Japan on Thursday reported the first death of a person infected with novel coronavirus, as the number of cases on a quarantined cruise ship offshore soared over 200.
The woman in her 80s was tested for the virus after being hospitalised, and was confirmed positive after her death, Health Minister Katsunobu Kato told a news briefing.
However, it was not clear if the virus or other complications had caused her death, Kato warned.
"The relationship between the new coronavirus and the death of the person is still unclear," he said.
The death came as three additional new infections were confirmed in Japan, including a taxi driver in Tokyo. They bring the number of cases in the country to 32, excluding those on the ship and a quarantine officer.
The Diamond Princess cruise ship off Yokohama has become the single largest cluster of cases outside China, with 218 testing positive for the COVID-19 virus and taken to medical facilities.
Earlier Thursday, Japan announced elderly passengers would be allowed off the ship if they test negative.
They will be given the option of moving to government facilities to wait out a quarantine that is set to last until February 19.
In a statement, operator Princess Cruises said it had been told the government-appointed lodgings would offer individual rooms and bathrooms, with access to medication, but no on-site medical care.
"The food available will not accommodate dietary preferences but will accommodate certain medical conditions. The meals provided will be Japanese bento-style boxes. No Western meals will be available.
- Working around the clock -
Thousands of passengers and crew on board were facing nearly a week more of isolation, with many expressing frustration and fear.
While passengers are struggling with cabin fever, crew members are working around the clock and worried that they are exposed to the greatest risk of infection.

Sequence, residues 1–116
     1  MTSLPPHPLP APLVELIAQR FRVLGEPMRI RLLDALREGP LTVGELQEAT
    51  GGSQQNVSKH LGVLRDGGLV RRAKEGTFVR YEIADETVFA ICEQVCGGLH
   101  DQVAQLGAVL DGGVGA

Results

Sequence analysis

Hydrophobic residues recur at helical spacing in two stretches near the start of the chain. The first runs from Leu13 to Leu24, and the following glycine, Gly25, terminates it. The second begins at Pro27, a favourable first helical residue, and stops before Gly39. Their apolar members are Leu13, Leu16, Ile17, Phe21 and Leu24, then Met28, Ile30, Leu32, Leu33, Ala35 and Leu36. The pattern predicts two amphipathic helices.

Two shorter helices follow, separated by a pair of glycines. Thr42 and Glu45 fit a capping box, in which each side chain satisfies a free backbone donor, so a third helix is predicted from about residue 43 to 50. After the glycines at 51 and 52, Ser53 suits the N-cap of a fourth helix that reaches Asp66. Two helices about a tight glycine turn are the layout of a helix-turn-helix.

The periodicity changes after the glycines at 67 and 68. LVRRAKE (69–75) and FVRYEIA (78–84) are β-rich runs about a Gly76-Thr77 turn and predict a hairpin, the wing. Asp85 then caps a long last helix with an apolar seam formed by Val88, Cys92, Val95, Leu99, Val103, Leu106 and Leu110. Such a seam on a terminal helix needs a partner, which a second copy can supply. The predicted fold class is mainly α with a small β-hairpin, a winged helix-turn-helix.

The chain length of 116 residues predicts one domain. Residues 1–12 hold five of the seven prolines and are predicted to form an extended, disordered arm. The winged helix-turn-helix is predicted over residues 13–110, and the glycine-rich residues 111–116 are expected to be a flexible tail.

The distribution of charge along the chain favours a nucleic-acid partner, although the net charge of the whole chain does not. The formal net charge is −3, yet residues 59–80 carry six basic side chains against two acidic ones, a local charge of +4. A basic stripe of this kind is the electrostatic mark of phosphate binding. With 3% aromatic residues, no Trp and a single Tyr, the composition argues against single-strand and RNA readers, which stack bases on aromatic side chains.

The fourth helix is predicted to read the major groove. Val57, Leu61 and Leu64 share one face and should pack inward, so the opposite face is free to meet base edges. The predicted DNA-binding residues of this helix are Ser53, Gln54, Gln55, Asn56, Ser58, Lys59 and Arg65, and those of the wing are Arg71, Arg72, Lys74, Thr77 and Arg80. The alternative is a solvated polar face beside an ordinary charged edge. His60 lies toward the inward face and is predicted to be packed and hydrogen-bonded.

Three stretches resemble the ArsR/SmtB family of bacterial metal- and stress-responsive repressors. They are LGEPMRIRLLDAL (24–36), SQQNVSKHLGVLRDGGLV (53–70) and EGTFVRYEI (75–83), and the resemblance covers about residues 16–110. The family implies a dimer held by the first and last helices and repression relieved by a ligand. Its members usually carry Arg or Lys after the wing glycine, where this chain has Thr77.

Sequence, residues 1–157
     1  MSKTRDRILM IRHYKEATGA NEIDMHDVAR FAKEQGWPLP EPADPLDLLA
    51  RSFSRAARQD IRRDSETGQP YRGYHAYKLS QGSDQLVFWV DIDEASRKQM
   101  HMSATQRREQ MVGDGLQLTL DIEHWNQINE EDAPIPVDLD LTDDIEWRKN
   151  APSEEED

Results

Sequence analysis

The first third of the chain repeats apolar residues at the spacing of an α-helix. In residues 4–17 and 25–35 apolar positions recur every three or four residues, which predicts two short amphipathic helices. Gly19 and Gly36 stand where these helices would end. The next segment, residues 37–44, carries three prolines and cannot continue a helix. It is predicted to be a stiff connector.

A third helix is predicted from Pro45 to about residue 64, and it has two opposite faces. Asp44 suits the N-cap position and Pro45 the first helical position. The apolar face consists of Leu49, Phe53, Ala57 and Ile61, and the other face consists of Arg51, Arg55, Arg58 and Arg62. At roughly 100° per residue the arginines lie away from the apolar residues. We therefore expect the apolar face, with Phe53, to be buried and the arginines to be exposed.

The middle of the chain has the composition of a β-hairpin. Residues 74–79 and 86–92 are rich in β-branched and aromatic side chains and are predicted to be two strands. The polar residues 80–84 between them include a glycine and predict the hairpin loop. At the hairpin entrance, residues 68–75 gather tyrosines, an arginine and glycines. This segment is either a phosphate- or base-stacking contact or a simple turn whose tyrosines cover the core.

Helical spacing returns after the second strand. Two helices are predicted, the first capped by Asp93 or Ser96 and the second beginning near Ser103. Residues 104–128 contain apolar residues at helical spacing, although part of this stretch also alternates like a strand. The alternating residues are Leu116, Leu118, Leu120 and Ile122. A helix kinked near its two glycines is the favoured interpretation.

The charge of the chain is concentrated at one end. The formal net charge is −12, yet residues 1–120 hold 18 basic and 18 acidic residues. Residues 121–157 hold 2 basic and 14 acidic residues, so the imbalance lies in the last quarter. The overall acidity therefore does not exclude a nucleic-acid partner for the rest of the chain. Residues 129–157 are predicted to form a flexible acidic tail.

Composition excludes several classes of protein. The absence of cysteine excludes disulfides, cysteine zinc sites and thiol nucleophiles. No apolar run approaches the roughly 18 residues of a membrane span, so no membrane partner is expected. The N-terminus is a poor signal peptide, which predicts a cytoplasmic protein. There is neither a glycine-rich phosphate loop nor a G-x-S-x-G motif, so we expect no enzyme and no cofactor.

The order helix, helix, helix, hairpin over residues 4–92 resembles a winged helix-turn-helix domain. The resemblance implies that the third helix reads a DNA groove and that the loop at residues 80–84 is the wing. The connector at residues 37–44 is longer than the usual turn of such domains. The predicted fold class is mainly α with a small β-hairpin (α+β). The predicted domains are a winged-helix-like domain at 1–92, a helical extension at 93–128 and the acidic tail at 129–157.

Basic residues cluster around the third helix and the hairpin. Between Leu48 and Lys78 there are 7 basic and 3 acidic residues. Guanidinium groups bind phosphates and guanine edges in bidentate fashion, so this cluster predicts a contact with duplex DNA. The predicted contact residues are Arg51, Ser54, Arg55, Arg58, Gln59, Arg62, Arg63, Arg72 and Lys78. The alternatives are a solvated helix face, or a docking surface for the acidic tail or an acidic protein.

"The situation on board is getting worse day by day," 24-year-old ship security officer Sonali Thakkar told AFP.
"This morning they told us that 44 people have been infected and everyone is really scared and wanting to get off as soon as possible," she added.
"All we want is tests to be done and to be separated from those who are positive. We don't want to stay on board."
With passengers mostly confined to their cabins, crew members have to go door-to-door to deliver food and other supplies, and some fear this has reduced the effectiveness of the quarantine.
"I haven't got the virus yet, but I don't want it to be so late that I catch the virus. I don't want to wait to find out that I'm the one that has it," Thakkar said.
- Quarantine questions -
The dozens of new cases diagnosed almost daily have raised questions about the pace of testing and whether the quarantine is working.
Thakkar said that while passengers were confined to quarters, the crew were eating together, working together and sleeping two to a cabin with shared washing facilities.
Japan initially tested around 300 people who had close contact with the first infected passenger, or displayed symptoms, but has gradually widened the net as new cases are detected.
Officials say they can only process 300 people a day, but hope eventually to expand this to 1,000.
Prime Minister Shinzo Abe said Thursday the government would set aside 15.3 billion yen ($139 million) for the fight against the virus, including to boost testing, strengthen inspections at borders, and support manufacturers of face masks.
Japan has evacuated hundreds of people in four flights from the centre of the outbreak in Hubei province, with most of the returnees undergoing "self-quarantine" in government-designated hotels.
Evacuees from the first flight, which landed on January 29, were cleared to leave the quarantine on Wednesday night after passing a final round of checks.
As they left their hotel in Chiba, east of Tokyo, they thanked local residents for their solidarity.